Android P is probably going to copy the iPhone X’s gesture controls
The endless cycle of Android copying iOS and vice versa doesn’t look like it’s ending anytime soon.
In an blog post on the official Android Developers Blog, Google accidentally included a screenshot of a navigation bar interface that ditches the well-known layout of “back, home, recent apps” with a little bar that bears a strong resemblance to the gesture bar found on the iPhone X.
Shortly after it was discovered, Google swiftly replaced the screenshot with a navigation bar that ditched the pill-shaped gesture bar. But not before Ars Technica screenshotted it and mocked up a comparison between current Android navigation, new Android navigation bar, and the iPhone X’s gesture bar:
Naturally, replacing the screenshot so quickly suggests Google’s got something to hide. Not to mention 9to5Google’s Stephen Hall, who has some pretty tight sources from within Google, saying “it’s gesture navigation 100% per my source.” Hall also says he’s been told the back button “fades and hides itself sometimes.”
How the purported gesture pill/bar will work is still unclear. Do you swipe up to go to the home screen like on iPhone X? Or perhaps swiping up merely brings up the app drawer. Can you swipe left on it to bring up the recent apps? There’s still a lot of unanswered questions.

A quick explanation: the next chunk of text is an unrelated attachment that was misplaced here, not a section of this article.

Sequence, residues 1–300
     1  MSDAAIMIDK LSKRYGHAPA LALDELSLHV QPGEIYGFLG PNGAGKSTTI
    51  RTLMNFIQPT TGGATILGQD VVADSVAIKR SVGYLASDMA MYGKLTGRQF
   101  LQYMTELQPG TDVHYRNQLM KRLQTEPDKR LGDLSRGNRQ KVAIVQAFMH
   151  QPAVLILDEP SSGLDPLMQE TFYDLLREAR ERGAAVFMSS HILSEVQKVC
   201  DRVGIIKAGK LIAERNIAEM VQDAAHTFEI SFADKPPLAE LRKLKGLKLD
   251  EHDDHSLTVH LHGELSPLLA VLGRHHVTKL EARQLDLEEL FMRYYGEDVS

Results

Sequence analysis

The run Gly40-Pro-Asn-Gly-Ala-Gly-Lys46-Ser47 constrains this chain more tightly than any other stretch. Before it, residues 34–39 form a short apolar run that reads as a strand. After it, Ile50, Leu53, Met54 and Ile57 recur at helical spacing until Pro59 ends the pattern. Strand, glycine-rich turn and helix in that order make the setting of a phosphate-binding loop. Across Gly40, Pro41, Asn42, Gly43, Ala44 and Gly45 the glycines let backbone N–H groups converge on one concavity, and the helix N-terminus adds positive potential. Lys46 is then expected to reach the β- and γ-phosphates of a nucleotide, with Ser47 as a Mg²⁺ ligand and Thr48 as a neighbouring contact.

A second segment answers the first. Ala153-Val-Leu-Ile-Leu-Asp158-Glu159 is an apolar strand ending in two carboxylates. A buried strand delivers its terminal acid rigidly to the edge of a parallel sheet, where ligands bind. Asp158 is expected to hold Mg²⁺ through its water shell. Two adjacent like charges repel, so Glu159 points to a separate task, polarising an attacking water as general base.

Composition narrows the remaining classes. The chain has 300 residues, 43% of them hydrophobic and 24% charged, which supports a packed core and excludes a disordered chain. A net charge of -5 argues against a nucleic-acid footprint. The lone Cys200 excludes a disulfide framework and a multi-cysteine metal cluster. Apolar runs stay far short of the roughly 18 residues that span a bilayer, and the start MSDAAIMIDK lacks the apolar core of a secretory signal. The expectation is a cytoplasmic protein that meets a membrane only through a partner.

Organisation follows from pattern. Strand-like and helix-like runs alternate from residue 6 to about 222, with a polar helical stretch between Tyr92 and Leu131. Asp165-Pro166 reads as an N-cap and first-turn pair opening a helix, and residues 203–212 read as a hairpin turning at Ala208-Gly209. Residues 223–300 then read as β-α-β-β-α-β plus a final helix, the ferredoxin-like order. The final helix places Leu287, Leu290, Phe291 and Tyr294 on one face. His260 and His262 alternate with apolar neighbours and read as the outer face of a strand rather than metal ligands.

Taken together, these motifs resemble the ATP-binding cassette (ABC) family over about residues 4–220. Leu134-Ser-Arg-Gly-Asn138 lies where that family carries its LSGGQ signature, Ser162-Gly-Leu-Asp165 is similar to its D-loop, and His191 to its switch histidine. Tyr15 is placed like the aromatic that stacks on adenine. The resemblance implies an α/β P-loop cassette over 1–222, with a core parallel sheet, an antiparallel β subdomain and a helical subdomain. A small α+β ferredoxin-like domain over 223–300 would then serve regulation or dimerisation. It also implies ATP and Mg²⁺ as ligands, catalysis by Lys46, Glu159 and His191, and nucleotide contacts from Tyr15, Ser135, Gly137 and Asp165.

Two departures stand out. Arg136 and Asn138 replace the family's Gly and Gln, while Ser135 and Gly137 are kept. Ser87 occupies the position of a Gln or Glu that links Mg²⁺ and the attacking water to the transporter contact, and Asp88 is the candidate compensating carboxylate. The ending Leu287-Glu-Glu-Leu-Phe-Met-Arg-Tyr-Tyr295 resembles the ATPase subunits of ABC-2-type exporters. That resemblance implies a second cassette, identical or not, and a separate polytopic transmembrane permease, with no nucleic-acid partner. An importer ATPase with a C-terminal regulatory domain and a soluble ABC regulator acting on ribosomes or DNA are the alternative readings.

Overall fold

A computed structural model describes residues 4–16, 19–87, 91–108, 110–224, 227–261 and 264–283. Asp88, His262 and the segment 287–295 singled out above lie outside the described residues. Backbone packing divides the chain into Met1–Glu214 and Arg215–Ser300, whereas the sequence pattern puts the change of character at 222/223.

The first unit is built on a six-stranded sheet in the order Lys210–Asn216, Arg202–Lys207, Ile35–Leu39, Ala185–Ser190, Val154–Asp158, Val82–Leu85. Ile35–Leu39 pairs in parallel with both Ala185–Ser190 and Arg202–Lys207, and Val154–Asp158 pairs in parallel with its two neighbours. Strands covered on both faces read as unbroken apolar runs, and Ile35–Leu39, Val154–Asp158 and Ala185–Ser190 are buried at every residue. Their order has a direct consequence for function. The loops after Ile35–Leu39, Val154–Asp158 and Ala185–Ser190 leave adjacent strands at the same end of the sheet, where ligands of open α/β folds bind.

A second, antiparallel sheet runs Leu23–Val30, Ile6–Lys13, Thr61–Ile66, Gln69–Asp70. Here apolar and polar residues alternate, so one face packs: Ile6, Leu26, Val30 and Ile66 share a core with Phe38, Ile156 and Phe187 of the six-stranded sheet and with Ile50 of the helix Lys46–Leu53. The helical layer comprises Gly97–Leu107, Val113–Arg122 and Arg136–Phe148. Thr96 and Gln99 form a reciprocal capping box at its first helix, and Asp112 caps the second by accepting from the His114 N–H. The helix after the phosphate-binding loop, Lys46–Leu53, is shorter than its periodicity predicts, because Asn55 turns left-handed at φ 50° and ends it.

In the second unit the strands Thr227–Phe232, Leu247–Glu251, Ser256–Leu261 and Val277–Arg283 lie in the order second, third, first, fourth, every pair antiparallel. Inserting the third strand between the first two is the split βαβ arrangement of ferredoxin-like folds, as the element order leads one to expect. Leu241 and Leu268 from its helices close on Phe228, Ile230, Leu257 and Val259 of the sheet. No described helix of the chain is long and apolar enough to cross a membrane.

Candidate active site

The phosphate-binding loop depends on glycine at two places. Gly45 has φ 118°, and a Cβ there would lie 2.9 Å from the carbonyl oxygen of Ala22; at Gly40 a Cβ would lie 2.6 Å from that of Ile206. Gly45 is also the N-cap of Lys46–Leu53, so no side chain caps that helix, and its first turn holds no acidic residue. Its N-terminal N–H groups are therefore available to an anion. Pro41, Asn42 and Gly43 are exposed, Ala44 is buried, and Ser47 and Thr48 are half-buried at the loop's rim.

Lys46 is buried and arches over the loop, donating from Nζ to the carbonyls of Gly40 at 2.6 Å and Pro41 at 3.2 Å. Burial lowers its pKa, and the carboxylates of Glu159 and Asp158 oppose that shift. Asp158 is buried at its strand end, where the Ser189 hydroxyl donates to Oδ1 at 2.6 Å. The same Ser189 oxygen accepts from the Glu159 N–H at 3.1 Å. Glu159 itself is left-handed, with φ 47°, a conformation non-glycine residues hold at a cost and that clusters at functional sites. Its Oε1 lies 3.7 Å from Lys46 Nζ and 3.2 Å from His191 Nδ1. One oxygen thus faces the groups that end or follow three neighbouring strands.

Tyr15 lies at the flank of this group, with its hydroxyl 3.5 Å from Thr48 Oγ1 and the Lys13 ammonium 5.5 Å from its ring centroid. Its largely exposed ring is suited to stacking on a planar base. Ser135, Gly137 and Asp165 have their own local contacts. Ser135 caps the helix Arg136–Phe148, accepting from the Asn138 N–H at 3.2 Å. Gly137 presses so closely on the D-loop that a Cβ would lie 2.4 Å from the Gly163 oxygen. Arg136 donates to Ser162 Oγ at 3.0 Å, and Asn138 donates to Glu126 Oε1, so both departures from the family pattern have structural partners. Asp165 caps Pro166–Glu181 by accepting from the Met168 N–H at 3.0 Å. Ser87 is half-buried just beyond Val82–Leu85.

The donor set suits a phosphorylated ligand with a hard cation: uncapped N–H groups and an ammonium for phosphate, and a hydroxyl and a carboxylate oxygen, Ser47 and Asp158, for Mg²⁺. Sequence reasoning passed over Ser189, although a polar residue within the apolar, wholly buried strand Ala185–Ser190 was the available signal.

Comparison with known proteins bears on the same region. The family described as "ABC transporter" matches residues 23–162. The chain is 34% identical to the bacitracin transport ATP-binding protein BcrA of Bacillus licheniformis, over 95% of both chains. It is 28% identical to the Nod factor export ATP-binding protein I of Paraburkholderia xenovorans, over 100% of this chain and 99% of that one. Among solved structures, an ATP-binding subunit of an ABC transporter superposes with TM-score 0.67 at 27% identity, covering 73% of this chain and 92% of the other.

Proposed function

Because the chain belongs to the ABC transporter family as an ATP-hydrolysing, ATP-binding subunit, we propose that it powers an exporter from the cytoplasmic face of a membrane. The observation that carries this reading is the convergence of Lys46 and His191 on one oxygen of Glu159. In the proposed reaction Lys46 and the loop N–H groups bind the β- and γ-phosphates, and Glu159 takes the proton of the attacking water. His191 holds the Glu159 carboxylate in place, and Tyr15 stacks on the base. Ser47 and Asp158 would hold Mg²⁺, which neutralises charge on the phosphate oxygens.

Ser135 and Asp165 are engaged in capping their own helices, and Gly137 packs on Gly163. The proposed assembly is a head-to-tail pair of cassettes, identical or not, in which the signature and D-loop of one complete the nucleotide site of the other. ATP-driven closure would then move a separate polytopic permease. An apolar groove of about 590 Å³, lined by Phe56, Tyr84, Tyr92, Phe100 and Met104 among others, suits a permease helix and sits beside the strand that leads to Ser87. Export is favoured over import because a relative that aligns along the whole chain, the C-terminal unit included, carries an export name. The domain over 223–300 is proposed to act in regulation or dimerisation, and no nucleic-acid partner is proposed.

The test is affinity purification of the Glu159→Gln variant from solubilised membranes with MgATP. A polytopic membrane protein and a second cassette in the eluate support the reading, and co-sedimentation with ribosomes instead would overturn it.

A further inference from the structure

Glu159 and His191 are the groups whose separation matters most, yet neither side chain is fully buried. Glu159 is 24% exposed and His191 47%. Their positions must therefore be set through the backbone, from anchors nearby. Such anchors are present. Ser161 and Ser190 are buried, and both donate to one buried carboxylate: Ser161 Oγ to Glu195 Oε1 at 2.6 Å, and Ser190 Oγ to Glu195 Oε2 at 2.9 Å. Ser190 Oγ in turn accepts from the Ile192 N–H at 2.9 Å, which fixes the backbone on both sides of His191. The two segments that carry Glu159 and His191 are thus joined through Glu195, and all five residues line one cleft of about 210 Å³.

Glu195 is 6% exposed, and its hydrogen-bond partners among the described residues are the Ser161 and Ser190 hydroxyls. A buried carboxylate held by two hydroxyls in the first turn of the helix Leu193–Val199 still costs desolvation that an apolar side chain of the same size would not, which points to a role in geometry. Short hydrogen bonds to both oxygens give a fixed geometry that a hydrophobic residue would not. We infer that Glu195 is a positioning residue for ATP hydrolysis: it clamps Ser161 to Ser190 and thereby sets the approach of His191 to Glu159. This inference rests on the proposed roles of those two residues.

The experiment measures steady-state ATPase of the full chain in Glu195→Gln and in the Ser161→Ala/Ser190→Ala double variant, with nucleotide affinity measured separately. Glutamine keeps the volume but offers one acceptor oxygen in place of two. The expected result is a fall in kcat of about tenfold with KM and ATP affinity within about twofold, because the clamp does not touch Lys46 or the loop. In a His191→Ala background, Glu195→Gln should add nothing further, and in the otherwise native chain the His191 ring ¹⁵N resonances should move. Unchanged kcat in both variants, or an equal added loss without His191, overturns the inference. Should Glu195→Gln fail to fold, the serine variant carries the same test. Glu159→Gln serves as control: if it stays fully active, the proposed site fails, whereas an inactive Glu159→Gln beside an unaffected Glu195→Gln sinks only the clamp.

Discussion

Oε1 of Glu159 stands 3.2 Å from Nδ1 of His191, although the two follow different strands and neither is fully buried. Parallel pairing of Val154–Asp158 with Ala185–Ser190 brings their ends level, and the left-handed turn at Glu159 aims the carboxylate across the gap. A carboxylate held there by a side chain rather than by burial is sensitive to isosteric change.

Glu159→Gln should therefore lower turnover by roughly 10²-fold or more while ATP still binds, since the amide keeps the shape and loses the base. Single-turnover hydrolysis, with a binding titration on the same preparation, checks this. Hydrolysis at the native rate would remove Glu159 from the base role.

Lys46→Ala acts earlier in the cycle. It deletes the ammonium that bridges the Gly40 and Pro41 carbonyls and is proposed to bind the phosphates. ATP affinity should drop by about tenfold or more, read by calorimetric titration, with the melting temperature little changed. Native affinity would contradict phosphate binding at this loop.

We’ll likely learn more about this new gesture bar navigation next month at Google’s I/O developer conference. That said, if you’re annoyed at Android embracing yet another iOS user interface, you should get over it right now.
Notch support is coming to Android and, if these leaks turn out to be accurate, gesture bars are too. Both of these designs are the result of new displays that stretch edge-to-edge. Gesture-based navigation is a natural evolution from tap-based physical or virtual buttons. Spend any amount of time with an iPhone X and you’ll understand why Android’s mimicking of the gesture bar makes sense.
In the grand scheme of things, it’s not terrible to see both Android and iOS borrow from each other. I’d personally love to see iOS get more organized notifications à la Android Oreo. And Android could use its own versions of features like Apple’s AirDrop.
Borrowing features from each mobile OS has happened in the past and it’s going to continue to happen in the future. Whining about who copied who is for petty children. At the end of the day, you, the user, gets the best mobile experience and that’s all that really matters.